Regional Inequalities in Length of Life: A Nordic Comparison

Sven Drefahl, Stockholm University
Ben Wilson, Stockholm University
Paul Henery, University of Sterling
Isaac Sasson, Tel Aviv University
Caroline Uggla, Stockholm University

One of the most established dimensions of inequality in mortality is regional variation. However, studies that investigate regional mortality patterns across national borders are extremely rare. We respond to this gap in the literature by carrying out a comparative study in Finland and Sweden. A comparison of these two countries is of particular interest for several reasons. First, they are neighbors, with a shared history, and similar political and environmental conditions. Second, they have very different national mortality trajectories. Here we investigate the regional differences in gender-specific mortality in both countries and how they have changed over time. We explore these differences using individual-level register data from both countries applying a variety of mortality measures, including life span variation. First results suggest pronounced north-south mortality differences in both countries, larger differences between male and female life expectancy in Finland, and specific patterns for the Swedish-speaking minority regions in Finland.

One of the most established dimensions of inequality in mortality is regional variation. However, studies that investigate regional mortality patterns across national borders are extremely rare. We respond to this gap in the literature by carrying out a comparative study in Finland and Sweden. A comparison of these two countries is of particular interest for several reasons. First, they are neighbors, with a shared history, and similar political and environmental conditions. Second, they have very different national mortality trajectories. Here we investigate the regional differences in gender-specific mortality in both countries and how they have changed over time.

Our main research questions are:

  1. What are the regional differences in male and female mortality in Finland and Sweden and how have these differences within and between the two countries changed over time?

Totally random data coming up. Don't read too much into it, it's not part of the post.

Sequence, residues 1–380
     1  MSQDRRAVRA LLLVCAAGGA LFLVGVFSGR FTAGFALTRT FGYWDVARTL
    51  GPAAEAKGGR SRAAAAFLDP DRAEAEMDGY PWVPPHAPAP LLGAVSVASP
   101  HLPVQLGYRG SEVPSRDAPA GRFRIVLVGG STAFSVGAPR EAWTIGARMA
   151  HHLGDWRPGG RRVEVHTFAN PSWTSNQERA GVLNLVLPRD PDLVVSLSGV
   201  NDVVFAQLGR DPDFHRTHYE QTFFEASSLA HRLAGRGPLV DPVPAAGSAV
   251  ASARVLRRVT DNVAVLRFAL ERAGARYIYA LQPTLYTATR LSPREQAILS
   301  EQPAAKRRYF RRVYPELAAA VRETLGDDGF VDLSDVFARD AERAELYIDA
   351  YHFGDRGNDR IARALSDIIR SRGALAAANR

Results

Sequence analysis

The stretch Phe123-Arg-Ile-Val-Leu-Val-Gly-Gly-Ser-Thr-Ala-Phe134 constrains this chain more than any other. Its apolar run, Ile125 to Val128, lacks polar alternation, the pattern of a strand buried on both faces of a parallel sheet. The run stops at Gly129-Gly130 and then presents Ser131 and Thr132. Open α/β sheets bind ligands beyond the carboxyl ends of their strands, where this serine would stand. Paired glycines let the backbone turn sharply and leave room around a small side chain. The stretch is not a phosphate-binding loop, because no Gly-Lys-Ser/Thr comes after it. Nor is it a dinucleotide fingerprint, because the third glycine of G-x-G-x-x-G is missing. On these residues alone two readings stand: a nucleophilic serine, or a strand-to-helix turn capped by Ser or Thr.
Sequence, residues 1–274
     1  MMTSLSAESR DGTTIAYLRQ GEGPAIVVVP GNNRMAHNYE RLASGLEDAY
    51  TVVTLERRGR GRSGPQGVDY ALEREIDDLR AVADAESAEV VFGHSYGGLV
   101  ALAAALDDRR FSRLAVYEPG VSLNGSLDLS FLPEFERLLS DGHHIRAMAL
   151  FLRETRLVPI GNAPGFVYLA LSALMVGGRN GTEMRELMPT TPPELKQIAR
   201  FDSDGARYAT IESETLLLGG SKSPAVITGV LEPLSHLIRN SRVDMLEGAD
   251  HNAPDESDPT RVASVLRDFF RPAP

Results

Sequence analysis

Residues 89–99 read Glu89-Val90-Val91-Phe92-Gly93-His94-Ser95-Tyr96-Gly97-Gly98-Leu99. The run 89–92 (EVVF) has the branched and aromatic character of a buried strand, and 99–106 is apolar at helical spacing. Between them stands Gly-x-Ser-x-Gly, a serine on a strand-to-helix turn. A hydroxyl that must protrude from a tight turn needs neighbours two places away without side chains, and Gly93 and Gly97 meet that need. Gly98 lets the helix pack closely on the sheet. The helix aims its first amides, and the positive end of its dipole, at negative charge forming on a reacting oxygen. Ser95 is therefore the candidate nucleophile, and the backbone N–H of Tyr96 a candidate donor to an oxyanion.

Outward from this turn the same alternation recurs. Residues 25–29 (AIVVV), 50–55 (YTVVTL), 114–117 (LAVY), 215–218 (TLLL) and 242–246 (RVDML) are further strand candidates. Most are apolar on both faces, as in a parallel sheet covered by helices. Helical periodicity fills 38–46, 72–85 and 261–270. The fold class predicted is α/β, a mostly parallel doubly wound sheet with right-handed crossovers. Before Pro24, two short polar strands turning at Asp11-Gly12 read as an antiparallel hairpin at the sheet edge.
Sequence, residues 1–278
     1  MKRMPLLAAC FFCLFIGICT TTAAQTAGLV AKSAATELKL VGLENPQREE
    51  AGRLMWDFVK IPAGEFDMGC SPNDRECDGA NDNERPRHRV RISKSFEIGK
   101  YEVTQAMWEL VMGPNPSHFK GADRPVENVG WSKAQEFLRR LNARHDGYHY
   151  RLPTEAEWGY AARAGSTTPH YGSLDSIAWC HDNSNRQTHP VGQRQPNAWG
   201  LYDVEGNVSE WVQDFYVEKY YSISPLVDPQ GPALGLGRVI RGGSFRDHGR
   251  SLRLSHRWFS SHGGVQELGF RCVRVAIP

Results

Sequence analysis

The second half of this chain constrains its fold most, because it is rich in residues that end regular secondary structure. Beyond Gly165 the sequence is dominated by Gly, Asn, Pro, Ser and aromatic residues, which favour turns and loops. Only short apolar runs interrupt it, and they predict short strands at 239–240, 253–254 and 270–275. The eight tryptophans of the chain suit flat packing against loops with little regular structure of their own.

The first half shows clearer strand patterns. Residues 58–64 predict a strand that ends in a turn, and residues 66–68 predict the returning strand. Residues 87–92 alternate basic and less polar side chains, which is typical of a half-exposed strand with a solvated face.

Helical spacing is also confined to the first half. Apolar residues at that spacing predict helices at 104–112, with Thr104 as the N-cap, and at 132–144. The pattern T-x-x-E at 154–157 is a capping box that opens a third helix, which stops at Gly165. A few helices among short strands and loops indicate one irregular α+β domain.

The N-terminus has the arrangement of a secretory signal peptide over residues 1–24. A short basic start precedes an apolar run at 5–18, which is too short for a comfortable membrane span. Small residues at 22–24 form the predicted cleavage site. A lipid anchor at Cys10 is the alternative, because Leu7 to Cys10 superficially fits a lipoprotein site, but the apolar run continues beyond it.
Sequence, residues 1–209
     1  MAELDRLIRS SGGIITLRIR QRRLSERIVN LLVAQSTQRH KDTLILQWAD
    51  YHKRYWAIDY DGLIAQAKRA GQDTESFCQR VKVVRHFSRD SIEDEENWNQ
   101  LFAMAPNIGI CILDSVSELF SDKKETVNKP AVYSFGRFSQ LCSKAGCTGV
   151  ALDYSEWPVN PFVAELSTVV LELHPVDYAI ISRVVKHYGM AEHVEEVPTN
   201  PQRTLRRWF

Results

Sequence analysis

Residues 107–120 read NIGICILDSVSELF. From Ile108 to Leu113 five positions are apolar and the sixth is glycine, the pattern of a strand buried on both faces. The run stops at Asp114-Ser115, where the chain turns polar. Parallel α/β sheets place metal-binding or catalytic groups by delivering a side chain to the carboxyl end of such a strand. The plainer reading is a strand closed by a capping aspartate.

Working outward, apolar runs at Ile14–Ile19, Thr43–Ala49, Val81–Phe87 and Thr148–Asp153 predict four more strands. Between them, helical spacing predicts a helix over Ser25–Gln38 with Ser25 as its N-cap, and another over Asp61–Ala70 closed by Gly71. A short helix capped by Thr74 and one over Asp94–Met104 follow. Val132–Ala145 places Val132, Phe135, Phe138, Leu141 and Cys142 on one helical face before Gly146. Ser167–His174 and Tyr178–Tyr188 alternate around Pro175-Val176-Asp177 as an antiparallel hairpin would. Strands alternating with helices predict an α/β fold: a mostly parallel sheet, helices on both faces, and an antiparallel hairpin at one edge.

2. How do the Swedish speaking regions of Finland compare to the other regions in both countries?
  3. How does the comparison change when we examine different measures of life expectancy, in particular life span variation (rather than average mortality)?

We explore these differences using individual-level register data from both countries applying a variety of mortality measures, including life span variation.

Previous research

There are three recurrent themes in the Finnish literature. First of all, clear differences in mortality are observed between the north and east of Finland and the south and west (excluding the capital city of Helsinki and the surrounding region). Regions in the south and west are consistently observed to have lower mortality than in the north and east, both by region of birth and by region of residence (Saarela and Finnäs, 2006, 2010). Consistent mortality differences have been observed by mother tongue. Swedish speakers in Finland have lower mortality than Finnish speakers (Saarela and Finnäs, 2005; Sipilä and Martikainen, 2009; Saarela and Finnäs, 2010, 2011). Differences are also observed in those who have one or more Finnish-speaking parents, despite being Swedish-speaking themselves. Language differences in mortality are reduced, but by no means disappear, after controlling for socio-economic factors (education, occupation, employment status and marital status) (Saarela and Finnäs, 2005, 2011). It has been suggested that these differences may be genetic, or as a result of learned higher-risk behaviour in Finnish-speaking areas or from Finnish-speaking parents (Saarela and Finnäs, 2010), with Finnish-speakers are more likely to die of suicide, alcohol-related or violence-related causes(Sipilä and Martikainen, 2009).

In Sweden, previous research has often described a general trend of increasing mortality from south to north. Counties within North Sweden have usually exhibited the highest mortality levels, while counties within south Sweden generally have the lowest overall mortality, with some overlap with Mid-Sweden, (which tends to be a little more mixed).

First results

First results suggest pronounced north-south mortality differences in both countries, larger differences between male and female life expectancy in Finland, and specific patterns for the Swedish-speaking minority regions in Finland. Traditionally, the life expectancy of Sweden has been among the world''s highest, while Finland has been the worst of the Nordic countries in terms of life expectancy. However, in recent years these patterns have changed and Finnish life expectancy increase has been much faster than in Sweden. The regional mortality patterns we map here reveal the catching-up effect that has catapulted some of the Finnish regions to the top of the common ranking, especially for female life expectancy.

Presented in Session 1189: Mortality and Longevity